Ever wondered what it’s like to spend a day with bees buzzing around your head? Whether that image feels like a dream or living a nightmare, the day in the life of a beekeeper is interesting business–and the results are pretty delicious

We spoke to Alma Johnson, owner and beekeeper at Sarasota Honey Co. to learn what harvesting honey look like. (Read more about Alma and Sarasota Honey Co. here.)



Honey in the Sarasota area can be harvested two to three times a year. One season produces orange blossom honey with spring wildflowers, another yields saw palmetto with summer wildflowers, and the next, Brazilian pepper with fall wildflowers.

◗ Drive to the beehives to see if there is a white wax seal on the frames. If so, the honey is ready for harvest.

◗ Swipe bees out of the way and tote the 40-60 pound boxes home.

◗ Remove excess bees and individually wrap the boxes to deliver them to Community Haven.

◗ At Community Haven, staff breaks the seal on the frames to release the honey, and the frames are placed into a big drum called an extractor.

◗ As the drum is hand-cranked into motion, the centrifuge pushes honey through a filter and out a spigot. The coarse filter collects rogue bee parts and wax, but allows the pollen and other beneficial elements of the honey to flow through.

◗ The collected raw honey is bottled and ready to sell.





Bees have faced adverse conditions in recent years, lowering their numbers and causing concern over the possibility of their extinction. Johnson explains what seems to be a trifecta of problems that creates this “perfect storm.”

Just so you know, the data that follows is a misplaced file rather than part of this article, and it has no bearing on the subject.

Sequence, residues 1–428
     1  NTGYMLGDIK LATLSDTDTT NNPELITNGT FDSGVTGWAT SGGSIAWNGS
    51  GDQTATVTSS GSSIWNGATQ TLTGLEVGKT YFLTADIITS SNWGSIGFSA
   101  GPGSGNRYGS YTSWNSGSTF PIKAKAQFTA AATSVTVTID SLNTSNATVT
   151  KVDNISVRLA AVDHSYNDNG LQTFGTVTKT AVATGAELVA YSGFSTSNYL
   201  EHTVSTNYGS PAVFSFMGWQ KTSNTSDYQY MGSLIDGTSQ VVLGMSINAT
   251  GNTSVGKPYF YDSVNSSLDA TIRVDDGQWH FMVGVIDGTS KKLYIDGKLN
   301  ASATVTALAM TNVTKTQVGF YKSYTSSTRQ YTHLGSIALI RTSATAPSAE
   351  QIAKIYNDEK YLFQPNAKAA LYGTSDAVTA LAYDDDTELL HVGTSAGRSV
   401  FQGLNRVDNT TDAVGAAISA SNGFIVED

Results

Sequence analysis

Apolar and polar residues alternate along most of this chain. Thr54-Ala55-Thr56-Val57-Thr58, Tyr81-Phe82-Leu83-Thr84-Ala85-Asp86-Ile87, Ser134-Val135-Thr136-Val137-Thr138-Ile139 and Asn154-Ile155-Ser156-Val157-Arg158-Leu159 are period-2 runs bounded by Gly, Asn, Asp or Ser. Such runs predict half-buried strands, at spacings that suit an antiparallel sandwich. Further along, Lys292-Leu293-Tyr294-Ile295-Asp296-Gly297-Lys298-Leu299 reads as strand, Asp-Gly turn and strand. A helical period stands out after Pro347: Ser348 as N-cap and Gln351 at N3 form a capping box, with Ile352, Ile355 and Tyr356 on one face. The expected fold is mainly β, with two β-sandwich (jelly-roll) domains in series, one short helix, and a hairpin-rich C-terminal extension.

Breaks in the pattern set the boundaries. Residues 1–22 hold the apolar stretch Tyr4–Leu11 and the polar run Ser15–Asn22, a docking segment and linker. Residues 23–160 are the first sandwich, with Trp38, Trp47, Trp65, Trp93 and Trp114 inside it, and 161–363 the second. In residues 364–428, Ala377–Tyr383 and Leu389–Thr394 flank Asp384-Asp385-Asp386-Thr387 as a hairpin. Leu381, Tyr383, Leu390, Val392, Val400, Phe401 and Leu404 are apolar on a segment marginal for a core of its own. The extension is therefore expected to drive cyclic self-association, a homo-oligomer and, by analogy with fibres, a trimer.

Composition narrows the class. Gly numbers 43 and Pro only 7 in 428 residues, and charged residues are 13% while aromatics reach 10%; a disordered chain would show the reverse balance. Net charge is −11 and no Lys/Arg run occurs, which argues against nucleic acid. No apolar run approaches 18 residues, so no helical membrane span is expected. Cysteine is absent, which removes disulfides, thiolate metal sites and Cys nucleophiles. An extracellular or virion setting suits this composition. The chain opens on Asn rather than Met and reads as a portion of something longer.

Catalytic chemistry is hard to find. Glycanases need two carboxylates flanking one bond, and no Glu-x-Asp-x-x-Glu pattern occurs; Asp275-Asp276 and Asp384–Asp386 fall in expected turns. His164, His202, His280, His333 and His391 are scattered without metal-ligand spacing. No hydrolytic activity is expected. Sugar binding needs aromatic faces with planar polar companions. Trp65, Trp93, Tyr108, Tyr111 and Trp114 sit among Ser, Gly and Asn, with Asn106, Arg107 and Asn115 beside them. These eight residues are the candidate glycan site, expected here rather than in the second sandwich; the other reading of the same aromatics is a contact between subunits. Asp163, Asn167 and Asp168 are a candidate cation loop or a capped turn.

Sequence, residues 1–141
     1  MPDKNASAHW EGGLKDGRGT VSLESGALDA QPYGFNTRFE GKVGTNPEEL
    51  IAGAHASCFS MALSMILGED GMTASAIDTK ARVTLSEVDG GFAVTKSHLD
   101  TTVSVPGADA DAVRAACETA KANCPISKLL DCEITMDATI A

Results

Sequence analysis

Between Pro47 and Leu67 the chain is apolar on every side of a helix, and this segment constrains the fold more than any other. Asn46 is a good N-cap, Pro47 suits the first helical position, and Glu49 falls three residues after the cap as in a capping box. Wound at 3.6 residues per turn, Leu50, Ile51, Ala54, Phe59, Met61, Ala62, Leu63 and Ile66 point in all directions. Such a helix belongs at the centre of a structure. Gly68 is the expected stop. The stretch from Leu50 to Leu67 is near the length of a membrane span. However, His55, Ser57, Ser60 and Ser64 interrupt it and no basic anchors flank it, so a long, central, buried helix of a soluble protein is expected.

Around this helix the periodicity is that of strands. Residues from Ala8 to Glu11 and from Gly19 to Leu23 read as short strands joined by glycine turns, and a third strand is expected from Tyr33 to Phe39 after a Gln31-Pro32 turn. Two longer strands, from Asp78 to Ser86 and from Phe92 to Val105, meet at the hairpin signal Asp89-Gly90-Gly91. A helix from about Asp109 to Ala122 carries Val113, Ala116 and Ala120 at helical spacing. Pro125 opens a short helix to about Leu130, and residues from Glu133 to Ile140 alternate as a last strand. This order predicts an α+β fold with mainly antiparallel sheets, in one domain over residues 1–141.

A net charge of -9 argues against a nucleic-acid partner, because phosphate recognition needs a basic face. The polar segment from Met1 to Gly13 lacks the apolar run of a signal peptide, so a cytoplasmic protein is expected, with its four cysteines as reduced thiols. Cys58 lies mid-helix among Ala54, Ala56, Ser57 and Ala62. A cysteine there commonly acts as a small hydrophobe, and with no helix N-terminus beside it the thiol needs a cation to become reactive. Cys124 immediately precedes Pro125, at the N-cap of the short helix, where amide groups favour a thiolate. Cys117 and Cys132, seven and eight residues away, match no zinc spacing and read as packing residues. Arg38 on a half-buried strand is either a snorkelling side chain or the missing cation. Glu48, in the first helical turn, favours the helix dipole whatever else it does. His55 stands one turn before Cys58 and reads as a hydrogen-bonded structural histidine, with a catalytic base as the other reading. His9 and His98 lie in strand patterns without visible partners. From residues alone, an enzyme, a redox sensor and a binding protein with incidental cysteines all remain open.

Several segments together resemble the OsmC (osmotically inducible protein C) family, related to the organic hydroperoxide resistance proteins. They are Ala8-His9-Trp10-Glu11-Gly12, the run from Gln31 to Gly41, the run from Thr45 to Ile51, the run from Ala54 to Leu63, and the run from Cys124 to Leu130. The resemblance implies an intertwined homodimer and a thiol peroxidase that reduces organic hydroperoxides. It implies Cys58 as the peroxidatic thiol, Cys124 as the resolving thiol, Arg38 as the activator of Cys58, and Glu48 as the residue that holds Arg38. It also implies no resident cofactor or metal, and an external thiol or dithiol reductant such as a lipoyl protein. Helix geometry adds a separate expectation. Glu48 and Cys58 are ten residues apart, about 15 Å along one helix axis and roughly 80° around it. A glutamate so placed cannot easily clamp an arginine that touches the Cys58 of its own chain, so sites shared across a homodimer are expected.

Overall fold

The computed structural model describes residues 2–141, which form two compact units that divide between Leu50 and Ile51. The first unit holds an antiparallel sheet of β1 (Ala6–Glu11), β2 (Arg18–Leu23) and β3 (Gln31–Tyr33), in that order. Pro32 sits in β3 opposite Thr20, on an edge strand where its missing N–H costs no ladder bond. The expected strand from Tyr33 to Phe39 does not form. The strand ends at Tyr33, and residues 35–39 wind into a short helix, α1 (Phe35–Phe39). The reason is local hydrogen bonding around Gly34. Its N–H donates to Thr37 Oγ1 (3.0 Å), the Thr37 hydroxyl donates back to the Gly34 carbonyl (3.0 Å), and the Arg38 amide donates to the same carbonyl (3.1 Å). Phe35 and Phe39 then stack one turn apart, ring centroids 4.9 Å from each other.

Pesticides sprayed on weeds, plants, and foliage harm the bees. Let your “wildflowers” grow! If you choose to use pesticides, at least spray in the evening when the bees aren’t trying to find food.

Monocrops After WWII, commercial farmers changed their fields. Rather than growing mixed crops, such as green beans that grow up a corn stalk, farmers planted acres and acres with the same seed. This means all the crops are pollinating at the same time. Once that food source is gone, the bees can’t survive in these locations.



Varroa Mites Due to the increasing need for pollination, bees from Asia were imported to pollinate the crops. Unfortunately, those bees carried varroa mites, and those pests have spread to the U.S. hives.


Plants need bees, so resourceful beekeepers have found a new, niche market. Johnson shares one example of a beekeeper from Florida who follows the blooms. “Eighty percent of the world’s almonds come from groves in California,” says Johnson. “So, this beekeeper travels to California with 25,000 hives and stays there as long as the plants are blooming, which can be many weeks.” When the almond fields are pollinated, he moves the bees to the cranberry fields and then to the blueberry fields, following what is in season.

Unfortunately, farmers commission multiple beekeepers to pollinate the same field, increasing the risk of healthy bees contracting pests, such as varroa mites, and bringing them back home.

Traveling hives present other problems: bees can’t forage for their food during the commute and are often fed corn syrup to keep them alive; plus, the bees can’t defecate in transit, which can cause stress. Further, the strongest hives guarantee the highest fee. Young queens produce the strongest colonies, so often the queens are killed and replaced every six months.




When a queen lays a female egg, that new bee can either become the next queen or a worker bee. Male bees don’t do any heavy lifting: they basically spend their lives grooming themselves and being taken care of by the female bees. But it all evens out in the end, says Johnson. “When males mate with a virgin queen, their appendage stays with her and he dies.” If he isn’t lucky enough to die during mating, he faces more trouble. “When winter comes, the female bees realize food will be short, and they kick the males out of the hive or kill them.”